On Thursday, a report released by the environmental nonprofit group, Earthworks, revived concerns regarding oil and gas production around Balmorhea State Park in West Texas. According to the report, production threatens to contaminate the springs that flow into the park’s famed swimming pool.
Residents of Balmorhea and visitors to the park have expressed worry regarding the drilling in the area ever since Houston-based Apache Corp. started drilling test wells and leasing mineral rights throughout the last year. As a result, various environmental groups have started to keep a closer eye on the hotspot.
The most active group in the small town of Balmorhea has been Earthworks. The nonprofit group, based out of Washington D.C., announced two weeks ago that it had ordered an analysis by Tom Myers, a hydrologist that regularly collaborates with the organization. On Thursday, Myers’ report was finally released and outlined numerous potential threats to the springs.
“These risks are not quantifiable,” said Myers in the report, “but the probability that contamination will occur is significant.”
In the report, Myers said that drilling fluids could possibly leak through underground pathways into the aquifer and that oil or gas could bleed out of well holes. Myers wrote that above-ground waste water storage ponds could ooze through topsoil and into waterways. He also wrote that groundwater pumping done for fracking could consume too much water and diminish the spring’s flow. Finally, Myers reported that the hydraulic fracturing that propels water into wells at extreme pressures to break through shale and release oil or gas can shift rocks into positions that could block the aquifer.
As a result of his findings, Myers proposed a program that focuses on water monitoring. A moratorium on drilling permits in the area was requested by Earthworks “until a complete environmental impact analysis can be done.” Earthworks’ gulf area organizer, Sharon Wilson said simply, “There’s too much at stake.”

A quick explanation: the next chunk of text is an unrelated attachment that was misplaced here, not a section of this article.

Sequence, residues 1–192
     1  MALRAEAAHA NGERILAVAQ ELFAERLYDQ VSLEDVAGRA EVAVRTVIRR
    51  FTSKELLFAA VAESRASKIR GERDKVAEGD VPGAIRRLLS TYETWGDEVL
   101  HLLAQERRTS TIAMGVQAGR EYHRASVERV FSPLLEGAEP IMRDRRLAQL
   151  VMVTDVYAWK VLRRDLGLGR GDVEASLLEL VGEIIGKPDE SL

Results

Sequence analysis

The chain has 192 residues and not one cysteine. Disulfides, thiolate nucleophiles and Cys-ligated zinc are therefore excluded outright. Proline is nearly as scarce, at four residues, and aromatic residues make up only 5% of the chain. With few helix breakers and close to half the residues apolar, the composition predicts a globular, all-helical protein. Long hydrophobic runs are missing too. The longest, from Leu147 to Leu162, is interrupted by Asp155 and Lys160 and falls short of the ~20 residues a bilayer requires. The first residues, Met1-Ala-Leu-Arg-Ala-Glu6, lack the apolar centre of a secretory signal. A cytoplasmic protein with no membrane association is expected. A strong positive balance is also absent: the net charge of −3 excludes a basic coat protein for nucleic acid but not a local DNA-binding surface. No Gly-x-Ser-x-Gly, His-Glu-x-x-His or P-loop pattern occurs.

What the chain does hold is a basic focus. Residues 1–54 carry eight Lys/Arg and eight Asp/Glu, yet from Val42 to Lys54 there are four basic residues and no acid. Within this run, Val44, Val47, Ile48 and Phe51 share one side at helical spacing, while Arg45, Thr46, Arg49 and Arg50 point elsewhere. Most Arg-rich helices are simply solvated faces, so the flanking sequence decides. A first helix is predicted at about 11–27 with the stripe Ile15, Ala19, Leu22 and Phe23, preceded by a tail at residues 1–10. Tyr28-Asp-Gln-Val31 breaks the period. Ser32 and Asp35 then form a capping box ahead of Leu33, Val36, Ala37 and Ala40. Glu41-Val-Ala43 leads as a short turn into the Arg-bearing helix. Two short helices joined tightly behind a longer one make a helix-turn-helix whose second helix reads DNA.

On Thursday afternoon, Apache said it would review the report “for accuracy and content.” In an email, Castlen Kennedy, spokesperson for Apache wrote, “It is disappointing that Earthworks and their allies continue to pursue tactics aimed at undermining the spirit of collaboration and transparency that Apache has emphasized from the beginning,” Kennedy continued, “Our company has a clear track record of working with organizations across the spectrum on environmental concerns, and we see the value in fostering an open dialogue.”
Many of the concerns brought up in Myers’ report have been expressed before. In the past, Apache Corp. has replied to several. Currently, Apache is in search of alternate sources of water to use for fracking so that it doesn’t have to rely on using spring water. The company has said it can avoid leaks by meticulously and cautiously drilling and cementing wells.
Last month, Apache announced an “unprecedented” partnership with the University of Texas at Arlington, conducting a groundwater monitoring study together.
Worried Balmorhea residents and Earthworks have arranged a conference for Saturday at 3pm at the Balmorhea Community Center. There, the group hopes to talk about the developments and hear from four different speakers including reps from Earthworks and UT hydrogeologist, Jack Sharp.